Spiritual Life: Powerful man picking on a minority
PUBLISHED: 08:00 25 August 2018 | UPDATED: 08:29 25 August 2018
Boris Johnson’s crude comments about the burka and refusal to apologise have driven a tank through what should be a nuanced debate.
Like many Humanists I have issues with the burka. I believe it can demean women and is a barrier to normal communication.
But as a Humanist I also defend the right to freedom of religion and belief. With that right comes the freedom to criticise religion and to cause offence.
However it’s one thing to lampoon a politician born into privilege like Johnson.
It’s another when a powerful man uses language which picks on a tiny minority and leads to them being attacked on the streets.
Most religions are male-dominated and have a history of treating women as ‘lesser.’ Women are generally excluded from the priesthood; prescriptions for modesty include various head and body coverings and shaven heads; women’s control over their own bodies and reproduction is commonly denied. Of course, some women are happy to be treated in these ways, and some choose to wear the burka.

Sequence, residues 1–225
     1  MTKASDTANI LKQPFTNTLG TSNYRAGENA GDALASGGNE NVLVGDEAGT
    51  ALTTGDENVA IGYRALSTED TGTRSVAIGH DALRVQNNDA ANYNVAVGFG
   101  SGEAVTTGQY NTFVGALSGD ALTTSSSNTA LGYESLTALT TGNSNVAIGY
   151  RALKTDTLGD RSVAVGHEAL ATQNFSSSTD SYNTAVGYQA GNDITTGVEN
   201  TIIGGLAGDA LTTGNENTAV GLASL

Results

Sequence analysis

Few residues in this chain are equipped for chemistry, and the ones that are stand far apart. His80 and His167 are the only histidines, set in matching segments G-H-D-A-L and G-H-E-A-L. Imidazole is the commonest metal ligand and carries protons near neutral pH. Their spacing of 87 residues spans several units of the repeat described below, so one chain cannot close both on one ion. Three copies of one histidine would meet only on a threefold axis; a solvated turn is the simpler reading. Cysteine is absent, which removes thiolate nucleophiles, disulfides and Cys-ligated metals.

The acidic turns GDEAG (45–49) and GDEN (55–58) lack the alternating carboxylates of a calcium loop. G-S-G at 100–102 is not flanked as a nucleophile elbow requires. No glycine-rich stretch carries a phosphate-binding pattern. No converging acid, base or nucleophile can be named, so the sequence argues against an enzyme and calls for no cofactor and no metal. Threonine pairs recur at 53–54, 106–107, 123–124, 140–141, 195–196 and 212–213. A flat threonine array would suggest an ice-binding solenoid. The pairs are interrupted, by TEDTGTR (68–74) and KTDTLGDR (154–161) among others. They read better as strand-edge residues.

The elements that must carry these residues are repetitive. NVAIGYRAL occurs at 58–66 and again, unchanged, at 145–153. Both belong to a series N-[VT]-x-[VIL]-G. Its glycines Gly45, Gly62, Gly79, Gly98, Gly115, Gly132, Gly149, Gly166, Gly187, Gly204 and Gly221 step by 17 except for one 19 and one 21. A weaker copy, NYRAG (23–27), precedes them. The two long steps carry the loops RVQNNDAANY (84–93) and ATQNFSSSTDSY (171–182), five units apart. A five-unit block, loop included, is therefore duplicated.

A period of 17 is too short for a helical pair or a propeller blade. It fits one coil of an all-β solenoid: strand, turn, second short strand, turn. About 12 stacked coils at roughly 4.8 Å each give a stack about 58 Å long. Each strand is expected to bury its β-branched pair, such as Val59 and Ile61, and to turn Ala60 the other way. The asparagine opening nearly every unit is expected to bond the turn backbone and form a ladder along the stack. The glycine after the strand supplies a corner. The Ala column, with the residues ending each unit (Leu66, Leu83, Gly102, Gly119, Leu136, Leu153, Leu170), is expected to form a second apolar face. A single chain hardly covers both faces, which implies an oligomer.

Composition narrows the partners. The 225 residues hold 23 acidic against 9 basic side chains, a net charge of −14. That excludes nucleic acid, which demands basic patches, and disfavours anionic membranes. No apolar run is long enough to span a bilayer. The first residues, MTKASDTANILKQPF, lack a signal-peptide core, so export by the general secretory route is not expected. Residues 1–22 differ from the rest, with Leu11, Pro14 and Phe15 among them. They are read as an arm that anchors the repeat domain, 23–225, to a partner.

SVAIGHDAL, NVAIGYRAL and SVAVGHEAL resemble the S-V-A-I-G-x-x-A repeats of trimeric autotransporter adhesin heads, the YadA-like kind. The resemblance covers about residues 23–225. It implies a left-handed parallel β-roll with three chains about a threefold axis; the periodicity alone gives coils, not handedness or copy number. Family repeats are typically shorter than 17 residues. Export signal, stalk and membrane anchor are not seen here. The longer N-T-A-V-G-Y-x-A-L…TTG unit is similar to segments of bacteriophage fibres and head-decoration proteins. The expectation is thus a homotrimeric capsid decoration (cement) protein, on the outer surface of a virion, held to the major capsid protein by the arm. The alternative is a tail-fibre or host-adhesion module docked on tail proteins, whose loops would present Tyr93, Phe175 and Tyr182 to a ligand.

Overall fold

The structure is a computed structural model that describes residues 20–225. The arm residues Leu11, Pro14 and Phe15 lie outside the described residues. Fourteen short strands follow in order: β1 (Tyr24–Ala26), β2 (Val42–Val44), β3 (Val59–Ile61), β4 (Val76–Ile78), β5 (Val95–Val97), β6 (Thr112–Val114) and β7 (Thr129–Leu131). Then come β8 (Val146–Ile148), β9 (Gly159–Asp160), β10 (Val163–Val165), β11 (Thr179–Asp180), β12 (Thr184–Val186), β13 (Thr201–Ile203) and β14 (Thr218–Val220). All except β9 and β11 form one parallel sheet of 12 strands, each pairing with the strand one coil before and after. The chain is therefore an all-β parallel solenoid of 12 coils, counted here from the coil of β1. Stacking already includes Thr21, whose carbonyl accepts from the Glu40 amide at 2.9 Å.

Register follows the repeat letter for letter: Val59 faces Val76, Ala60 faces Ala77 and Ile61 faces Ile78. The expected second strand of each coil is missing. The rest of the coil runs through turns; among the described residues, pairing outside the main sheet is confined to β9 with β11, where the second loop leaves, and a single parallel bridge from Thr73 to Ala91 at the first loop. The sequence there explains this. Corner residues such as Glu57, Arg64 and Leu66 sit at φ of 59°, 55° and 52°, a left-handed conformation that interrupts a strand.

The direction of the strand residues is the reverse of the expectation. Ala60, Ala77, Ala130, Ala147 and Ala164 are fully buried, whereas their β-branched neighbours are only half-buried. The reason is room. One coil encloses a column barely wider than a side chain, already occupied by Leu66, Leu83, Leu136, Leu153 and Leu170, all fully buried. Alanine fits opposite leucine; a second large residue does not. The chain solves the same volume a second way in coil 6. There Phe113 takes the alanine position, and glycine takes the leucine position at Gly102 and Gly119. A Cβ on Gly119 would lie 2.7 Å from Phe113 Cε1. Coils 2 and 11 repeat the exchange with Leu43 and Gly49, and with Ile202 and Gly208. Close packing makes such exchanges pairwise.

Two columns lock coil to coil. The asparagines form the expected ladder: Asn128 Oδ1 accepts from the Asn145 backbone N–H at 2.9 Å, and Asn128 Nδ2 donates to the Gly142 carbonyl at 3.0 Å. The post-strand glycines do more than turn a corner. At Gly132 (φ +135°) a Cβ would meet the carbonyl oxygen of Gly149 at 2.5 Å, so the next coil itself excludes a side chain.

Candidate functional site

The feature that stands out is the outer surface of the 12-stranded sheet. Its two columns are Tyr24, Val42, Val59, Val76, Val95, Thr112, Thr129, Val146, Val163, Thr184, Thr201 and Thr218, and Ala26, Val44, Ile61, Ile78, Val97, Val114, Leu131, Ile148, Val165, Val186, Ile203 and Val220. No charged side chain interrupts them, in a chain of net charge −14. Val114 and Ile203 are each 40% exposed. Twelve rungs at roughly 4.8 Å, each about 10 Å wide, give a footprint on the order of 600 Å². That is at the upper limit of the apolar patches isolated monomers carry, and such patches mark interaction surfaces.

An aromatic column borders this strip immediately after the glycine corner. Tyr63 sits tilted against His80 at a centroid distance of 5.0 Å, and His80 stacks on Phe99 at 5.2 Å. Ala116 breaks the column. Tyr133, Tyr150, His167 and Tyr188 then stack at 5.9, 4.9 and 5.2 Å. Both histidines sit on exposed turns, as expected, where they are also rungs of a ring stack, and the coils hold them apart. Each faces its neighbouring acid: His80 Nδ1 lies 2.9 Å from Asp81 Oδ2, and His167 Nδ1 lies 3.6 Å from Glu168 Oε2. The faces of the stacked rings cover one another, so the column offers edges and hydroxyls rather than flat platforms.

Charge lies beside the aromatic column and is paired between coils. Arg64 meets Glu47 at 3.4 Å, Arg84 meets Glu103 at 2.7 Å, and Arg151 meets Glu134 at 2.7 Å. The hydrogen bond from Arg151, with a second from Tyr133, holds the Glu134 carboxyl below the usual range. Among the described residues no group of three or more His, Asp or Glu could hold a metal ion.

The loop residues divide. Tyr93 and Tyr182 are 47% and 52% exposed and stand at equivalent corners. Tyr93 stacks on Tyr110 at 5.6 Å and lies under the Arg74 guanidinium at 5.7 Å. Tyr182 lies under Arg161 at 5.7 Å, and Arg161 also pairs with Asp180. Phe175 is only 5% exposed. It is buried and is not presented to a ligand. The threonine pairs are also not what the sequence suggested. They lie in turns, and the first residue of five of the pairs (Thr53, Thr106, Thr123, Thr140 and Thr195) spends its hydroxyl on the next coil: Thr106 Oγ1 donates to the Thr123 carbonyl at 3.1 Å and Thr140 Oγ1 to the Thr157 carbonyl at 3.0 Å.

But many have no real choice. Johnson’s criticism of religious oppression is highly selective.
What also sticks in the throat is Johnson’s pretence to concern about oppressed Muslim women when as foreign secretary he defended the sale of arms to Saudi Arabia, one of the most repressive states in the world.
Make no mistake, Johnson’s language was designed to normalise abuse of a particular minority. This is a slippery slope which should alarm anyone genuinely concerned with community cohesion.
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